Fela at the Ordway
You have just until June 17 to see â€śFelaâ€ť at the Ordway before it heads back to Broadway for a run starting in July. Forget what it was you were going to do this week, quit reading this and get your tickets! You donâ€™t want to miss this one. Itâ€™s infused with infectious music, phenomenal dancing and impressive spectacle. But better yet, this is a show about something â€“ and itâ€™s true.
Sahr Ngaujah in the title role is Fela, a Nigerian and music superstar for decades, who used his music and charisma to protest the cruel military regime governing his country at the time. Even though he could have left and lived the hedonistic life of an international rock star, he stayed in Nigeria, inspired by his motherâ€™s activist life, and fueled by the memory of her death at the hands of Nigerian soldiers. He paid for this decision with many arrests, torture that nearly killed him and the loss of his beloved Kalakuta Republic commune.
In the context of his last concert at The Shrine, the communeâ€™s nightclub, we serve as the audience as Fela narrates his own story, supported by an ensemble of amazing dancers (who can do more with the bit of costume on their behinds than you imagined was possible). This is wrapped in beautifully paired â€“ and varied – projections, which both fill in the blanks and transport us from the unit set into the events of his life, and into the context of world events, as well.
This device also guides us through the influences and development of his music, which is heavily influenced by Nigerian music (â€śThe drums first,â€ť he says) but joyfully borrows from jazz, rock, R&B and anything that strikes him. Lyrically, he sings prose poems that make up their own rules and find their structure in the mantra of a single musical phrase and the powerful rhythms, driven by several percussionists, who are superstars in their own right.
Ngaujah even had all of us on our feet â€“ moving, singing, clapping. You wonâ€™t mind, even if that sort of thing makes you uncomfortable. He makes everybody participate and it seems like a perfectly natural thing to do.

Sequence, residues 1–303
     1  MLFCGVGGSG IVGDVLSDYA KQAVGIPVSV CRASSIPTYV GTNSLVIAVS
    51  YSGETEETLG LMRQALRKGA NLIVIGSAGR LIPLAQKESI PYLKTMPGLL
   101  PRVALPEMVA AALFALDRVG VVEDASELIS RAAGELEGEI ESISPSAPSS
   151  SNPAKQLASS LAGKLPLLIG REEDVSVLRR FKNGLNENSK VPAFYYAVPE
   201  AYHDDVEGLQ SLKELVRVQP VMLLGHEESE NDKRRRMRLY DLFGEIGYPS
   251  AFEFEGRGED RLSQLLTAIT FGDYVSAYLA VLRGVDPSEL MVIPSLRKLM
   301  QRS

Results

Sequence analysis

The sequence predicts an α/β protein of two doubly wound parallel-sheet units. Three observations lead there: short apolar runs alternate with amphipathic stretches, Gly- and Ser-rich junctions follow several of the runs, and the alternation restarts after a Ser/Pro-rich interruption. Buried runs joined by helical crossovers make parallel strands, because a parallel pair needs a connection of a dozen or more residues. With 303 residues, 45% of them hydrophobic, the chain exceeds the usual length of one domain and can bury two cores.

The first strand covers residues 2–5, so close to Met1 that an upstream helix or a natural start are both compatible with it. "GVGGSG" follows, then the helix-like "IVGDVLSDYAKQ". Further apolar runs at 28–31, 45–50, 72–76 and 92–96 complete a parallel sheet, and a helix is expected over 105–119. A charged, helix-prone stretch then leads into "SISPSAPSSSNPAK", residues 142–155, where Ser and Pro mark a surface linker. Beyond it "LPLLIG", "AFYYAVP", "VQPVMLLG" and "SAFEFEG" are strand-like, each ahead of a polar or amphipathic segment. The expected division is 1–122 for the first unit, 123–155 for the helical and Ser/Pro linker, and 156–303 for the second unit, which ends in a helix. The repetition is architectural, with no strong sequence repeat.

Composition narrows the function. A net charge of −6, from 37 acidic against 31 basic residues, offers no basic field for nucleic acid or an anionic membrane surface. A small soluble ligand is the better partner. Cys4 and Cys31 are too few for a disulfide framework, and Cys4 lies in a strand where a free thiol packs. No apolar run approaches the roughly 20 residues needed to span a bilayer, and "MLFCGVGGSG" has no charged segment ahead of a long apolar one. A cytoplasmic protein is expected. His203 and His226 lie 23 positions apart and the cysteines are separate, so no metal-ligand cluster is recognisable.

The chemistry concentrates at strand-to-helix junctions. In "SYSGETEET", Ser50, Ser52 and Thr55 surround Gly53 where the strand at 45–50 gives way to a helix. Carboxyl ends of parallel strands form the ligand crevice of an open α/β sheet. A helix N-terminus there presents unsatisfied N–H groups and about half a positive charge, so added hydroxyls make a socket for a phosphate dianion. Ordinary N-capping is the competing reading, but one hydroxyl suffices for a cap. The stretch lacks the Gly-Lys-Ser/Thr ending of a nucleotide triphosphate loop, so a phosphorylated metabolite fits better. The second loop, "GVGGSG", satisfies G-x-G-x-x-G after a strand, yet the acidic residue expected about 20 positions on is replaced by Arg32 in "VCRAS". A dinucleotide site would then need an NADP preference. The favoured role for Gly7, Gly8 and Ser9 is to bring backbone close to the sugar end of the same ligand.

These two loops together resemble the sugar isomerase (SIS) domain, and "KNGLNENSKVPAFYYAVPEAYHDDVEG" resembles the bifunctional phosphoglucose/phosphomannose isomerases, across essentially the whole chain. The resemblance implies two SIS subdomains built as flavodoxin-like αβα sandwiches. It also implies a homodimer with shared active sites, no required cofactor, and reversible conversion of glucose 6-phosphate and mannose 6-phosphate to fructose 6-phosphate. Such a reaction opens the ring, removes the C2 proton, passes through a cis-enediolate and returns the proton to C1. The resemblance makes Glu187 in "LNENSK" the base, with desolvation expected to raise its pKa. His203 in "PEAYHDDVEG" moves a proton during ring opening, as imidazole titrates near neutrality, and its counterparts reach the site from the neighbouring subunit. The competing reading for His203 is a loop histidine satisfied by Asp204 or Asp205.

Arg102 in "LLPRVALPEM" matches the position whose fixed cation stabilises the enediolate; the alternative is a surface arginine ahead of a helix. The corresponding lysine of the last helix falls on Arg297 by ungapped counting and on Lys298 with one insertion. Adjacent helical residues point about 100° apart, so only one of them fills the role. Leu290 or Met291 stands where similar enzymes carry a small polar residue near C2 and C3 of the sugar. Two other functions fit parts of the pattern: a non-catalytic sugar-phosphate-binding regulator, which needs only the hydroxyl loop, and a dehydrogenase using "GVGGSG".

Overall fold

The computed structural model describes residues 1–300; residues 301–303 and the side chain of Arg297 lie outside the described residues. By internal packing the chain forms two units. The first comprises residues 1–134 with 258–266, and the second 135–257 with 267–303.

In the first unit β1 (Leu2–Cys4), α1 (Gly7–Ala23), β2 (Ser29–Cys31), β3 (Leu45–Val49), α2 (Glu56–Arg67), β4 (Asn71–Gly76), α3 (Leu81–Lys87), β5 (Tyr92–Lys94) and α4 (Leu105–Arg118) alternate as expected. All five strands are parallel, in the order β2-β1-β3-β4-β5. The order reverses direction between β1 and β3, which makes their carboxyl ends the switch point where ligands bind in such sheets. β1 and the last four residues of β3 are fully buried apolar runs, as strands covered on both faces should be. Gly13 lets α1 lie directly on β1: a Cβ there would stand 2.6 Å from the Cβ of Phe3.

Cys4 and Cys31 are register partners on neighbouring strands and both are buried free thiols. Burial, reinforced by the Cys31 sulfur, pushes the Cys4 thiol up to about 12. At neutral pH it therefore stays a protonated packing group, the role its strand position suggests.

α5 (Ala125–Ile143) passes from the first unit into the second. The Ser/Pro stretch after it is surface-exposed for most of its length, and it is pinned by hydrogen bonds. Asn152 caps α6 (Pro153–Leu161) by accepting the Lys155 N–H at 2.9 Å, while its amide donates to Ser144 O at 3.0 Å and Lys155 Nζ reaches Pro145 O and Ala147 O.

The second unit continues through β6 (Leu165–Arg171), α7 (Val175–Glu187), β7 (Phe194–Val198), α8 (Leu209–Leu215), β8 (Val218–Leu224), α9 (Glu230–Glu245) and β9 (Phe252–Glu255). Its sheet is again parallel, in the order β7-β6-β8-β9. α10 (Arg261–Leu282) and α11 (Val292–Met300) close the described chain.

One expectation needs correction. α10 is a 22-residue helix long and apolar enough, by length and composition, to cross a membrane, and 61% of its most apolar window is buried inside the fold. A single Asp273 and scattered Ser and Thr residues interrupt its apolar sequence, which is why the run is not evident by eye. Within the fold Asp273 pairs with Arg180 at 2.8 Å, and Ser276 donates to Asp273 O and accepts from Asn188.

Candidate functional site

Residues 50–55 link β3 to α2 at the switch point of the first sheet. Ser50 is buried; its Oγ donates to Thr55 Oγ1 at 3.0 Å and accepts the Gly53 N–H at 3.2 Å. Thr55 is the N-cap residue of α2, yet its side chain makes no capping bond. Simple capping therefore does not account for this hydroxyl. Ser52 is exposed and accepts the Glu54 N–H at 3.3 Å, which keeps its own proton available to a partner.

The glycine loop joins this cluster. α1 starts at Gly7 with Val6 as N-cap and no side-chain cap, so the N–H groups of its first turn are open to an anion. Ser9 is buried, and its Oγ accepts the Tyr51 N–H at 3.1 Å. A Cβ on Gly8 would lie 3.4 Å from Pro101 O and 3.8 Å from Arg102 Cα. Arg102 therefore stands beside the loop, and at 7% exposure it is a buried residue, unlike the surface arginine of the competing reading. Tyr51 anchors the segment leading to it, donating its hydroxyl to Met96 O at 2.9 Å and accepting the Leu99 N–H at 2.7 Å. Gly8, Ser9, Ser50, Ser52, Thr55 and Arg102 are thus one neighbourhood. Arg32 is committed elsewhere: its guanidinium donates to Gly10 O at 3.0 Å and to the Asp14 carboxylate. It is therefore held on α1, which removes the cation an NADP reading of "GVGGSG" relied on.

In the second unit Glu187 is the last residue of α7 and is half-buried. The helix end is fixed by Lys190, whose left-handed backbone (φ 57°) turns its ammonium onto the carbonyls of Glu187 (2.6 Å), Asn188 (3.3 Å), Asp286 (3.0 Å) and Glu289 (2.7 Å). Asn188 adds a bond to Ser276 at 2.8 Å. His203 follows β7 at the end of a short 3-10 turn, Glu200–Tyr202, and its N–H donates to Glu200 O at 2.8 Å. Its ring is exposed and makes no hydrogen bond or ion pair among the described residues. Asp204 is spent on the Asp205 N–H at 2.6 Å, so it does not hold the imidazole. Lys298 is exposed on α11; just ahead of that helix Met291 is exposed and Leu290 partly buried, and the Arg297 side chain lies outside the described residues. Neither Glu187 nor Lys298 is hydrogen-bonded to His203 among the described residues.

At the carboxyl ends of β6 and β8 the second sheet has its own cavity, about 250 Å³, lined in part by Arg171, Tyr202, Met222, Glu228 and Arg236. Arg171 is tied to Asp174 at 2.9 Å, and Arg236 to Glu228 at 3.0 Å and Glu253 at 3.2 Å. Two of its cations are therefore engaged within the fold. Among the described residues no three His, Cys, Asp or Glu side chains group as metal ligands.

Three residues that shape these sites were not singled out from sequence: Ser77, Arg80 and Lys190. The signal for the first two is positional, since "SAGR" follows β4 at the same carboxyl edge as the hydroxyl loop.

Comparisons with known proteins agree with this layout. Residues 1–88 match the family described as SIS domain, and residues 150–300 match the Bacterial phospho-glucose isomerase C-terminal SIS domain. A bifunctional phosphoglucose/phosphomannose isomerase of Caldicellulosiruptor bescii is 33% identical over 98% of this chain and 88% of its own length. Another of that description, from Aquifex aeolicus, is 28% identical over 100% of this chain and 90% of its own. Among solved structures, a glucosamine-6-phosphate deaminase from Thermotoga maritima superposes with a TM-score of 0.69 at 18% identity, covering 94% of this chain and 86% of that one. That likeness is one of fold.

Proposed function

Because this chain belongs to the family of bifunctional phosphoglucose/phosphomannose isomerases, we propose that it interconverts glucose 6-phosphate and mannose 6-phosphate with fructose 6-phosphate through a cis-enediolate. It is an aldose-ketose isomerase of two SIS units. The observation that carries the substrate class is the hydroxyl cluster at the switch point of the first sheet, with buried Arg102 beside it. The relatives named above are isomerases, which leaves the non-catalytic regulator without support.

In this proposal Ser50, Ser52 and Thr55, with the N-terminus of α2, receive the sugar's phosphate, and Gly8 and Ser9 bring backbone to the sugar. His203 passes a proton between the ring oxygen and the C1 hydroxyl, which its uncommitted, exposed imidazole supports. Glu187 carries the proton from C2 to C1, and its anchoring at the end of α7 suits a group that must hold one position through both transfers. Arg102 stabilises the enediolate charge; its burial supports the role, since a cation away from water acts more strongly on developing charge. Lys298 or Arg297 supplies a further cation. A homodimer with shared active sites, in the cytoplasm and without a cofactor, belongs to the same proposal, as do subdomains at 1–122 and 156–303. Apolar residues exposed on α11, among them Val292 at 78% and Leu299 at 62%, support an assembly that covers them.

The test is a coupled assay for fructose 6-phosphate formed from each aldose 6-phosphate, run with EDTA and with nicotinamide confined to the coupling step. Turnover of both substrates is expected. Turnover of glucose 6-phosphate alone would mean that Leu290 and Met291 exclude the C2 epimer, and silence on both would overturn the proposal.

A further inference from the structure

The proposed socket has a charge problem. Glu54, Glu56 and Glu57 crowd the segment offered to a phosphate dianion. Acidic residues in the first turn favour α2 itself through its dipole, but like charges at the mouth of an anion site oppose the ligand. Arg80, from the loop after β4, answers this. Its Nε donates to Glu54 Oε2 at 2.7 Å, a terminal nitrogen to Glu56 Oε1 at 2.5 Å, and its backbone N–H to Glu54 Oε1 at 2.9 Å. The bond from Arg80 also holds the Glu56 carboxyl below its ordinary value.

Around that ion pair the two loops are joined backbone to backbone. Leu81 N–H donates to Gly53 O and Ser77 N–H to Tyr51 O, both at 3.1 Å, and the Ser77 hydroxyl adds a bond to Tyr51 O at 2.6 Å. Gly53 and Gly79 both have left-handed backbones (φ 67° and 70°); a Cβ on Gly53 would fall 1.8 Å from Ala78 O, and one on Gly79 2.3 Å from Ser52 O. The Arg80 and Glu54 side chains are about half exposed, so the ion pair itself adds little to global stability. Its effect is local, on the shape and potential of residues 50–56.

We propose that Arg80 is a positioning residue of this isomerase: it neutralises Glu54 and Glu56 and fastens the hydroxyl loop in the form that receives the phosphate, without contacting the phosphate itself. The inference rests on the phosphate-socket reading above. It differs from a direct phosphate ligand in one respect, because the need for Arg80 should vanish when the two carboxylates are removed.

But this is not really about having a party, singing, dancing and sharing an oversized joint. It is about his response to political and industrial corruption and his compassion for people who endure suffering. In keeping with traditional beliefs, he consults with his mother, Funmilayo, (Melanie Marshall) to guide him in his decisions, as deceased relatives are supposed to do. We, too, are transported to this spiritual world in her presence, particularly in the climactic number, â€śRain.â€ť Marshall, in a voice so clear and true, one could believe she was indeed an angel, was absolute perfection on this high point of the evening.
I donâ€™t usually give points just for energy. (Broadway musicals generally try to top each other as calorie-burning affairs for their actor/dancers.) But this one has a different kind of energy that feels organic to the piece â€“ essential, really, and a natural part of the music, the story and the emotions that drive it all. He proclaims as a young man, â€śIâ€™m going to change the world.â€ť In the final number, when he sings â€śThey wan bury and forget, but we wonâ€™t let them,â€ť itâ€™s possible to think that maybe he still can.
Directed and choreographed by Bill T. Jones, with a book by Jim Lewis and Bill T. Jones, and music and lyrics by Fela Anikulapo-Kuti.